When Karen Martin — acclaimed writer of 1999 performance The Women’s Jail Project — realised she was going to write a play about torture, she admits, she “wanted to run a mile”. Her moment of inspiration occurred as she was watching a public conversation between Julian Burnside QC and Philip Gourevitch, author of Standard Operating Procedure, at the 2008 Melbourne Writers’ Festival. The talk discusses issues arising from the Iraq war and the notorious Abu Ghraib torture images.
Martin’s initial apprehension about the work’s subject matter is understandable. Her script probes the murkiest corners of the human psyche and the most repugnant regions of contemporary political debate. It explores the notion of redemption and the meaning of evil, asking whether torture is ever permissible in the face of the war on terror; it investigates, fearlessly, what the personal and societal repercussions of its use might be. Heavy topics, and difficult to sensitively explore from a comfortable seat in the Western world; indeed, as Martin asked herself in compiling the play’s text: “How do you write about famine when you’re feasting?”
Rendition of the Soul engages, repeatedly, with the issue of what Martin calls the “mediatisation” of torture and war. In its opening sequence, we witness a news director whittling away, through a series of mutterings about not wanting to “offend anyone”, at a television anchor’s truthful presentation of grim events. We are later invited to revisit the theme of euphemistic media lines and sanitised military catchphrases when a soldier compares the semantics of the terms “shell shock”, “battle fatigue” and, finally, “operational exhaustion”. Towards the performance’s end, a silent photographic montage of Julian Assange lends a particularly topical tone to the performance’s exploration of the intersection between media and politics.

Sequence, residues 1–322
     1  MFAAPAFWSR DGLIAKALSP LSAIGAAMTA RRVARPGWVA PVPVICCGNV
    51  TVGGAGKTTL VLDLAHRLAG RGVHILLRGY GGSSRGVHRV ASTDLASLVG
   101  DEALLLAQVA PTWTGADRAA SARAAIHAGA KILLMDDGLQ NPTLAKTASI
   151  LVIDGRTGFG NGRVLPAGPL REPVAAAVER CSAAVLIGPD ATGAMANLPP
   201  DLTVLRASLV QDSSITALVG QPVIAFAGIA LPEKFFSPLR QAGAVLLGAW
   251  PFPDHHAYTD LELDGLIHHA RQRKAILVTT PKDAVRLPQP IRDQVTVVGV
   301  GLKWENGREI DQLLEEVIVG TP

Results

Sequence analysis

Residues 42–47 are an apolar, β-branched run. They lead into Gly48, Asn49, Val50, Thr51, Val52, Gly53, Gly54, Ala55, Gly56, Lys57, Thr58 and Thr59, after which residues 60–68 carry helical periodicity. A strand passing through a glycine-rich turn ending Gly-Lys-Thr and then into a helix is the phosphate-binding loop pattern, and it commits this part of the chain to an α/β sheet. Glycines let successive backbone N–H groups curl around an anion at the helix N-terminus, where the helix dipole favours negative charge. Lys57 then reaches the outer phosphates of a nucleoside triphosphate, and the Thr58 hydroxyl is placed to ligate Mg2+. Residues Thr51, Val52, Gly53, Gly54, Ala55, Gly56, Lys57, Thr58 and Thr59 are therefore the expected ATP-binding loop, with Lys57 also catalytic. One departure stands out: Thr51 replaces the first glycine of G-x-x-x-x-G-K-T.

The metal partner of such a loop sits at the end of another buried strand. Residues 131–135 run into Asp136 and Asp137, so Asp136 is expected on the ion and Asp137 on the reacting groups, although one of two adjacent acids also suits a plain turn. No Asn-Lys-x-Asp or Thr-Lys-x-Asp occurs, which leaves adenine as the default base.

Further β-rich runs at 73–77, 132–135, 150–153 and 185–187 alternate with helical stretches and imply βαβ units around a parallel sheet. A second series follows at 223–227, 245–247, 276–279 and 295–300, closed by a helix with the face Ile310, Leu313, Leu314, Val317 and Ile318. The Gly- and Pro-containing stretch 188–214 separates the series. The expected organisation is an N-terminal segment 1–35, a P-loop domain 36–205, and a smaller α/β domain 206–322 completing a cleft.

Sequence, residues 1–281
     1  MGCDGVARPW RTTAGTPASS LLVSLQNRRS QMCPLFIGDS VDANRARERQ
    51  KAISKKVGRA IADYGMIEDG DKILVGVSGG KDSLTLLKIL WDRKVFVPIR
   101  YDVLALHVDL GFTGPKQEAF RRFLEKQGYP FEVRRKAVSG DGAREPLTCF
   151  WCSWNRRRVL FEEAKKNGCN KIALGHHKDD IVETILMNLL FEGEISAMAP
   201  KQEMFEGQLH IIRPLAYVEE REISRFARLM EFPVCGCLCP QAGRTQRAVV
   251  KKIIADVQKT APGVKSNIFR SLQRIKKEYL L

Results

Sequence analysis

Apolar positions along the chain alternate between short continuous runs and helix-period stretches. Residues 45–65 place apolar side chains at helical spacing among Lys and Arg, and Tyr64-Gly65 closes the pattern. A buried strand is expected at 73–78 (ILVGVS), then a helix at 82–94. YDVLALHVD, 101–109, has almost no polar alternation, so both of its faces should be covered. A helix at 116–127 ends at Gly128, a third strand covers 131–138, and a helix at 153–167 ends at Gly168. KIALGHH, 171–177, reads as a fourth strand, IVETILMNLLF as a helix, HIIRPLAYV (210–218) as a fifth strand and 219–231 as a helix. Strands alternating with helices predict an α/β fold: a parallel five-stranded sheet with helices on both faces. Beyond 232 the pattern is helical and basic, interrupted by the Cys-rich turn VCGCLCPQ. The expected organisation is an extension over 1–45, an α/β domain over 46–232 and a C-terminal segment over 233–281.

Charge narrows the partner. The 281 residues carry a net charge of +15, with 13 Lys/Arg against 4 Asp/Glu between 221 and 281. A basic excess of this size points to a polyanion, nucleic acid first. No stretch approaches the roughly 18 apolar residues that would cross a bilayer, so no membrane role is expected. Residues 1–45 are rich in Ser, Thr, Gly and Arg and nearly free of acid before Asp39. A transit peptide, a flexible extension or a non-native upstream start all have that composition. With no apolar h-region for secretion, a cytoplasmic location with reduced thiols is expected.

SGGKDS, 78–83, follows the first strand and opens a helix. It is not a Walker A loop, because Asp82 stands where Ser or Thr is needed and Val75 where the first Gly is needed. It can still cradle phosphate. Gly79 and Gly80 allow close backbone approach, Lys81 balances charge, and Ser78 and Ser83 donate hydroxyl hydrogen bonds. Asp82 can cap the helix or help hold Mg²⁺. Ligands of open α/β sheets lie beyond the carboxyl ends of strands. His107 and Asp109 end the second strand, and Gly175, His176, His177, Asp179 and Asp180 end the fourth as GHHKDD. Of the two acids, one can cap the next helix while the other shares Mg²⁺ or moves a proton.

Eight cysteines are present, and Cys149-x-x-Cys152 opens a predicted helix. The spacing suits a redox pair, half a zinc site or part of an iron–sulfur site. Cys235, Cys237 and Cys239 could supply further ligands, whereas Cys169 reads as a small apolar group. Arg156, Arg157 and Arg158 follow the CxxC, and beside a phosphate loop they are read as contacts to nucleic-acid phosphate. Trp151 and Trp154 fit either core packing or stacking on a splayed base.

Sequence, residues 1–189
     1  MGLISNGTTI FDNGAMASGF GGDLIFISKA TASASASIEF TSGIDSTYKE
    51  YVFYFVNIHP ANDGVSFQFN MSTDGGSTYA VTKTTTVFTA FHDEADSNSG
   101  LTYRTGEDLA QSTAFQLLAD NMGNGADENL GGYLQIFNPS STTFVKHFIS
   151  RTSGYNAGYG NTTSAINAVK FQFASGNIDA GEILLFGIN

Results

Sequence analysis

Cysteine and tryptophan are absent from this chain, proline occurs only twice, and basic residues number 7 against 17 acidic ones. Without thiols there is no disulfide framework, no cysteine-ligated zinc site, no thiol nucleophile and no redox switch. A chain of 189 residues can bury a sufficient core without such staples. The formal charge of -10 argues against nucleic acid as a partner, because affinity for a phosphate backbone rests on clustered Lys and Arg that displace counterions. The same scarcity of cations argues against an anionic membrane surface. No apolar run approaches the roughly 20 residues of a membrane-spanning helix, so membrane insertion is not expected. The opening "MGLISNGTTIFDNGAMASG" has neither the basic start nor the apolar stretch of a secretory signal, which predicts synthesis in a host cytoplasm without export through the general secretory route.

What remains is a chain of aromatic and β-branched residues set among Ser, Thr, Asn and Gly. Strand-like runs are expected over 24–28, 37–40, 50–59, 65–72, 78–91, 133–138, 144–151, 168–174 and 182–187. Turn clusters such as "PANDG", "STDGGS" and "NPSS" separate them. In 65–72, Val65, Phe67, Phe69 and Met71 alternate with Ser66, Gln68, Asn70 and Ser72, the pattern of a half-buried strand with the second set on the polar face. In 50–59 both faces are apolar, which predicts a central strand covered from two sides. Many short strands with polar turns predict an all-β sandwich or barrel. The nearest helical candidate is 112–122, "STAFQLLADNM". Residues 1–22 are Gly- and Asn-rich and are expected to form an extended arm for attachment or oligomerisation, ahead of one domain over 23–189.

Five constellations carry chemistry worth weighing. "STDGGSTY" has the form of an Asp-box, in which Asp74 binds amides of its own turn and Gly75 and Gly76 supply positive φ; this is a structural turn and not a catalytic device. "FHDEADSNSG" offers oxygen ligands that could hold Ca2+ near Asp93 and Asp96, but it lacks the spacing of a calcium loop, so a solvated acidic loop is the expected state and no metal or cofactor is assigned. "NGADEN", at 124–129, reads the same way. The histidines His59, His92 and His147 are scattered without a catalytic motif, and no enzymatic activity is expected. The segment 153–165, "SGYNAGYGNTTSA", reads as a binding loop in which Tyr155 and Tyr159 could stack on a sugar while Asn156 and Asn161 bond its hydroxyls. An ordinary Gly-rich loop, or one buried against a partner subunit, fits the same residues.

It’s contemporary, endlessly embracing the innovative process of remixing. The script references writers from Orwell to Shakespeare, draws on the work of public figures including Barack Obama and Geoffrey Robertson, and includes ample references to Jungian philosophy in its exploration of free will and the attempt to suppress our personal “shadows”.
The fictional academics commenting on the morality of torture throughout the piece draw their names, Milgram and Stanford, from historical experiments on imprisonment and obedience to authority figures — and, in their viewpoints, mimic often-cited scholars like Bruce Anderson. (Anderson, you might recall, suggested in The Independent last year that we not only have a right but “a duty” to use torture.)
Cleverly, an instructional yoga tape replays continuously on twin “television screens” overlooking the stage; the poses of the stretching woman — who embodies relaxed, Western normality — ironically mimic the stress pose of the tortured inmate, and we are reminded of the human body’s potential for, at once, beauty and brutality.